Annual Investment Allowance doubled to £500,000 and extended to 2015

On the back of usage by businesses and pressure from industry bodies, chancellor George Osborne has extended the Annual Investment Allowance by another year.

Update (26 April 2018): The Annual Investment Allowance (AIA) has been reduced from £500,000 to £200,000 from 1 January 2016 

The Annual Investment Allowance (AIA), which allows businesses to invest in new plant and machinery for maximum tax benefits, was initially cut from £100,000 to £25,000 by the coalition.

However, in an effort to provide more tax aid to businesses, chancellor George Osborne has improved on its increase to £250,000 in 2012 by doubling it. Going forward, the AIA has been extended to 2015 and will now be worth £500,000.

The AIA is a kind of capital allowance, which offers tax relief at 100 per cent on qualifying expenditure in the year of purchase. The maximum businesses can deduct from your taxable profits is now set to be £500,000. This pro-rates for short or long periods, and also for periods that span the operative dates and rates of allowance.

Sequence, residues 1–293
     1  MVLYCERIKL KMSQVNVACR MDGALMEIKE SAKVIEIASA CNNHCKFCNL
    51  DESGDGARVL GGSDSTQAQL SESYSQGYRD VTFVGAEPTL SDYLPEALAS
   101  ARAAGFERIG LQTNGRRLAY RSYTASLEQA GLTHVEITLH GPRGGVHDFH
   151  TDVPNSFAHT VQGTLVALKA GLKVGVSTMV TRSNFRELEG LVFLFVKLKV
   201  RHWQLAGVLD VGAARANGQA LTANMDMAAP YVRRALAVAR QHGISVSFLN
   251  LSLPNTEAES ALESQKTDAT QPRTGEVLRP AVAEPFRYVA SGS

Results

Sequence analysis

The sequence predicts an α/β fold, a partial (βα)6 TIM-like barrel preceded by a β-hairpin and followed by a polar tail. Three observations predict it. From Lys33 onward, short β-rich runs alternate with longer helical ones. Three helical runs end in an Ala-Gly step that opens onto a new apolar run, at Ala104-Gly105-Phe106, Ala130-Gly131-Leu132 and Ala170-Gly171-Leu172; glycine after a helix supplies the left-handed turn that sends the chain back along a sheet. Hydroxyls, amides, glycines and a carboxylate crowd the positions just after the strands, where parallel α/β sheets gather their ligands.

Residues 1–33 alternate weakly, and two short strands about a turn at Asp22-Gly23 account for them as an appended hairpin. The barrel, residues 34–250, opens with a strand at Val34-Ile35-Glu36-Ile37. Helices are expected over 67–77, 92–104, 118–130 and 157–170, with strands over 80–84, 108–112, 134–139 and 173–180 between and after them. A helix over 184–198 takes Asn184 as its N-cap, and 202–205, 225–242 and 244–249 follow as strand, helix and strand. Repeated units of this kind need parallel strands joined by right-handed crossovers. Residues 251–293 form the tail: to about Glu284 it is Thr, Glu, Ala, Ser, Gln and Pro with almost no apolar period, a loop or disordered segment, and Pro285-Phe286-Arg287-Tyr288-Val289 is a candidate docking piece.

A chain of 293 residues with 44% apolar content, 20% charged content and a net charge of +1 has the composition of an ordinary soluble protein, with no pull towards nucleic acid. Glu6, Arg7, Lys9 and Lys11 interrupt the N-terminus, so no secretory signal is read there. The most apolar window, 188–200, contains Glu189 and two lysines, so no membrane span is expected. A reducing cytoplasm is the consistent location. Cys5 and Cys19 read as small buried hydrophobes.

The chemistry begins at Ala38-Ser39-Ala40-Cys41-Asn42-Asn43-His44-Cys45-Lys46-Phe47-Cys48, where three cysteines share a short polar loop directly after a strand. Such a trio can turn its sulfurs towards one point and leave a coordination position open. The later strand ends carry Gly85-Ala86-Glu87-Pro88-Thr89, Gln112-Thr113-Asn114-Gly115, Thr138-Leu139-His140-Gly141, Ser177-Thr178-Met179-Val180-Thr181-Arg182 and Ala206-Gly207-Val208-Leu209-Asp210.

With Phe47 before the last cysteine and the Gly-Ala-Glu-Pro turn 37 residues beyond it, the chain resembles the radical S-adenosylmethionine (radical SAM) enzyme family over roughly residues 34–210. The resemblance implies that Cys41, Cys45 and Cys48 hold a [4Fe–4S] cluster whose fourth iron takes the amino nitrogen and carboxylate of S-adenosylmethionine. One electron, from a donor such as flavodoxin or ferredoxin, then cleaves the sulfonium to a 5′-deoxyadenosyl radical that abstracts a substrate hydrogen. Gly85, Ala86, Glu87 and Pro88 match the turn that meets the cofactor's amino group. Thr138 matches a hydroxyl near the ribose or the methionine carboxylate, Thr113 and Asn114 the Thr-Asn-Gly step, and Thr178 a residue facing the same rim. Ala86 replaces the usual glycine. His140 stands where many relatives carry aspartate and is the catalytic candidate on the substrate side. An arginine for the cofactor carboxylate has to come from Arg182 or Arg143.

Vince McLoughlin, partner at Russell New, says, ‘The government needed to make it easier for small and medium sized businesses to access funding to maintain the perceived growth in the economy.

‘The temporary limit of £250,000 [of the AIA] would have ended in December. Without an increase, then businesses would have been rushing to maximise the opportunities to use their AIA by planning the timing of their capital expenditure across the rest of this year.

More on the Annual Investment Allowance:

The cost to implement the policy is set to be £2 billion, but is a reflection of the government’s desire to back businesses which are looking to invest. According to the chancellor, some 99.8 per cent of businesses will pay no tax on investment.

Frank Nash, tax partner at Blick Rothenberg, comments, ‘The generous extension and enhancement of the investment allowance for businesses is necessary because so much projected growth is based on UK infrastructure projects.

‘All suppliers in the chain will require these tax allowances indefinitely. Hopefully the previously inadequate £25,000 cap is consigned to history.

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